That shows that considerable protection already exists for wild animals. Hare coursing was raised earlier. I remind hon. Members that Parliament has only recently taken action to discourage illicit hare coursing, which we all agree is a great nuisance. The Criminal Justice and Public Order Act 1994 has increased the applicable penalties under the Game Act 1831. I hope that hon. Members on both sides of the argument will welcome that.

Of course, many circumstances remain in which wild mammals are not subject to any form of legal protection. Some of those concern animals that are regarded as pests in some rural settings, but even so-called pests are not altogether unprotected—the prohibition of the use of gin traps and self-locking snares applies, no matter what the species of animal. It is testimony to our enviable concern for animals that that should be so. It is clear, both from the speeches in this debate and from the postbags that Members of Parliament receive, that a substantial body of opinion is in favour of extending more widely the protection afforded to wild mammals of all types.

The Bill seeks to provide protection for any wild mammal from certain specified forms of ill-treatment—being cruelly kicked, beaten or tortured—but there is one particular circumstance for which it is claimed above all others. As the hon. Member for Dumbarton said, one of the principal aims of the Bill is the prevention of fox hunting and other field sports. That is the issue of principle at the heart of the debate. It is the aspect that really interests members of the public.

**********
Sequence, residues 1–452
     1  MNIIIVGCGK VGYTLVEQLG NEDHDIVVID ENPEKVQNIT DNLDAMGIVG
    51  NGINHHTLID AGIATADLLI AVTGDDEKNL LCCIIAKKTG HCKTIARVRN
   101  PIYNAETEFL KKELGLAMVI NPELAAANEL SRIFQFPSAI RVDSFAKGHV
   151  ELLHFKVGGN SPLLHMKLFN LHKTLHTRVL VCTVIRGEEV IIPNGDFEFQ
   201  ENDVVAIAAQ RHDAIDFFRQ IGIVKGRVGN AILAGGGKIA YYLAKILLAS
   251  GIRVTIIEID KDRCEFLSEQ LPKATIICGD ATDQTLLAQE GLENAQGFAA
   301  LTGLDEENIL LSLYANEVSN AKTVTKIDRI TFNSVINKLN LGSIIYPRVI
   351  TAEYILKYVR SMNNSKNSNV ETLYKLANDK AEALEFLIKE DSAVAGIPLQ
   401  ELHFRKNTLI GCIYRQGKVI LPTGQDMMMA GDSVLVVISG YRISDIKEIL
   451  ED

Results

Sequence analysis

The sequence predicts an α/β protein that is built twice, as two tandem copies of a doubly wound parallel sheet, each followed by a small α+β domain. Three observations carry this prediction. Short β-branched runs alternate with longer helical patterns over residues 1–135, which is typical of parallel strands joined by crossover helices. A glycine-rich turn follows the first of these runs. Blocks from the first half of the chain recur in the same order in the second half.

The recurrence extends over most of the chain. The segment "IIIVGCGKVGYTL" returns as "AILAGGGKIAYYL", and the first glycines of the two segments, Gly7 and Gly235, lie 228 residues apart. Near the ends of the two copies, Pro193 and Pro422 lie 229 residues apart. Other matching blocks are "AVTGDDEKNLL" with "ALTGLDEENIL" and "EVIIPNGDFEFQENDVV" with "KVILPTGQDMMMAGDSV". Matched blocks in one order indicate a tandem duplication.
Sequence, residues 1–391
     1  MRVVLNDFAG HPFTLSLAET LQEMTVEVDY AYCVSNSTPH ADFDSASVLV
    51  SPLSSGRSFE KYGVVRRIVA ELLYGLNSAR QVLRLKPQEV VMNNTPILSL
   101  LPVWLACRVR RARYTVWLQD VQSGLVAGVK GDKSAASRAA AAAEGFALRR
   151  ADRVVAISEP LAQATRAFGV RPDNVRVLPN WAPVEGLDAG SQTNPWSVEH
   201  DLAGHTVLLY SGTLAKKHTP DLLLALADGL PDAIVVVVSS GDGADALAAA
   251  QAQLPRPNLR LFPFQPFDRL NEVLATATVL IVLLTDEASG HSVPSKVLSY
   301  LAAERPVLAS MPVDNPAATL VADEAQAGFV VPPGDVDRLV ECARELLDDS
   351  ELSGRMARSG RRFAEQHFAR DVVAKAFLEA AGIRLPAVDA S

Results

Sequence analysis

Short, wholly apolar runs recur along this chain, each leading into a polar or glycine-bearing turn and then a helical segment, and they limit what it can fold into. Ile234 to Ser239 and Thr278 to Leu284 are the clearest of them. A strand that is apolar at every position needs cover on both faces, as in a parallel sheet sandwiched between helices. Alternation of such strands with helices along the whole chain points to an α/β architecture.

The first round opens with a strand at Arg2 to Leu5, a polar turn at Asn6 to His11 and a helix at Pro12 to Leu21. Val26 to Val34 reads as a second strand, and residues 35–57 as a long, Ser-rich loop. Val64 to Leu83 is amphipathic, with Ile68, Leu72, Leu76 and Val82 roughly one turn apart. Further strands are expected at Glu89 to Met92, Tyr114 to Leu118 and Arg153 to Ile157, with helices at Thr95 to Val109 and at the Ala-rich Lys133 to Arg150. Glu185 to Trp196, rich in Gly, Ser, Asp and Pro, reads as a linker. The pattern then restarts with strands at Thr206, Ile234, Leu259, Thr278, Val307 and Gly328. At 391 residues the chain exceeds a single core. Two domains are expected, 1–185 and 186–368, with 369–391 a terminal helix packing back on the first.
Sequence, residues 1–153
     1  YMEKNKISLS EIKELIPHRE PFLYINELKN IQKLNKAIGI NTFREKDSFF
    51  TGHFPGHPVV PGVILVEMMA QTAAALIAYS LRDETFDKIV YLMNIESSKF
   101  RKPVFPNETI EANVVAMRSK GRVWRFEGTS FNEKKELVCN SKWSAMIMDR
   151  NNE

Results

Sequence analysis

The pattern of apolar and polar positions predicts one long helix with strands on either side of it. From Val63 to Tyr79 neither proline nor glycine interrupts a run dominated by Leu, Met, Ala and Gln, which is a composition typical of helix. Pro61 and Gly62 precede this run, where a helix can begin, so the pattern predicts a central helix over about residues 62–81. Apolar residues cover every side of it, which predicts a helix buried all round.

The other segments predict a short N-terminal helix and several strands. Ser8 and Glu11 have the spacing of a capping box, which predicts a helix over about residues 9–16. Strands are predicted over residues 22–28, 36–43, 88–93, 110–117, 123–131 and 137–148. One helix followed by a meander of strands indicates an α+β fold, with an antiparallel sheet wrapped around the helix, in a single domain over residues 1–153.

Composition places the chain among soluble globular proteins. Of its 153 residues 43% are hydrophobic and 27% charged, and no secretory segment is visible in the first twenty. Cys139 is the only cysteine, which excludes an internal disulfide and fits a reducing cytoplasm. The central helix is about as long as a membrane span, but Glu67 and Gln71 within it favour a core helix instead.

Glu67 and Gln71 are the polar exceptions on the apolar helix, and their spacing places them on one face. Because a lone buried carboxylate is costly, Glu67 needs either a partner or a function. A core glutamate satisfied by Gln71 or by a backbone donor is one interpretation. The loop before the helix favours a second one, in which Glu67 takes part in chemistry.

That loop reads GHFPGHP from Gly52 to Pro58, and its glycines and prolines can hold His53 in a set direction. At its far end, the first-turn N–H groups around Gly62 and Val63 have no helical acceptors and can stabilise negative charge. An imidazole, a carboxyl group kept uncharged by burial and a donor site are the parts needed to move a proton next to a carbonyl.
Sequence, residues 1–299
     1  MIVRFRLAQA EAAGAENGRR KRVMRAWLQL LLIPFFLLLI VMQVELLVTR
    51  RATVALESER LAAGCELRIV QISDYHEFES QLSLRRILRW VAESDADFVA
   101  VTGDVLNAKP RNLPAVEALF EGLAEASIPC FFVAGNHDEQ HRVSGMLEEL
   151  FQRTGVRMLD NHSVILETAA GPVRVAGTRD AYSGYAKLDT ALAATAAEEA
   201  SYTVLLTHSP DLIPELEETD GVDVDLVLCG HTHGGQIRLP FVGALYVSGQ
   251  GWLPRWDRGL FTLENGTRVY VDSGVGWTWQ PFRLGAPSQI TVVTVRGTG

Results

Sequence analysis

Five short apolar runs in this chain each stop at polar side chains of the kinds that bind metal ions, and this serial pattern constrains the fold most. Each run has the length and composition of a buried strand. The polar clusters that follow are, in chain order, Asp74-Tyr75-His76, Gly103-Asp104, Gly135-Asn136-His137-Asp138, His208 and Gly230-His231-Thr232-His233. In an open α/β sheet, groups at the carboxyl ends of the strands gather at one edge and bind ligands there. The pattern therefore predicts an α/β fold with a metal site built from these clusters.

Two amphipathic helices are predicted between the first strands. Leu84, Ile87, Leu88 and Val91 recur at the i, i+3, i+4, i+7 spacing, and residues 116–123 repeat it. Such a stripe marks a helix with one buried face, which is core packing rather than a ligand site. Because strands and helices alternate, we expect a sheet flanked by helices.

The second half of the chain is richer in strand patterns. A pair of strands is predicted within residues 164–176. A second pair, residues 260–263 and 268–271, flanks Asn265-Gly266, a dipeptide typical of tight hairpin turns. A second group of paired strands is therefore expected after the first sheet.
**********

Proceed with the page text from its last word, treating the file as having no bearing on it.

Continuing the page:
As the hon. Gentleman will be well aware, strong views are held by people on both sides of the hunting debate. Some people regard it as unspeakable barbarity; others argue that field sports are a proper and necessary part of maintaining the balance of nature. We have heard that argument in the debate today. There are two separate issues: the ethical question whether hunting should be allowed, and the utilitarian question whether other provisions in the Bill would have a harmful effect on pest control. On the latter point, I have to tell the hon. Member for Dumbarton that the Government have considerable reservations about the effect of that aspect of the Bill both on farmers and on rural communities.

The Bill would impose an onerous obligation on everyone in rural communities, making it extremely difficult to control agricultural pests effectively. As I said earlier, I recognise that the hon. Gentleman has taken note of some of the reservations on that score expressed by the Government in relation to an earlier Bill moved by the hon. Member for Kingston upon Hull, North (Mr. McNamara). The licensing system in the Bill remains a problem. The licensing arrangements envisaged for controlling the use of snares would impose onerous obligations on farmers and gamekeepers, and would make it difficult to control agricultural pests.

The hon. Member for Dumbarton quoted statistics about lamb mortality and the need to control foxes. I should like to stress that the known number of lamb deaths attributed to foxes should be set against a background of widespread fox control by farmers. Foxes can cause serious local problems for farmers. The Ministry of Agriculture takes the view, therefore, that foxes need to be controlled to minimise lamb losses.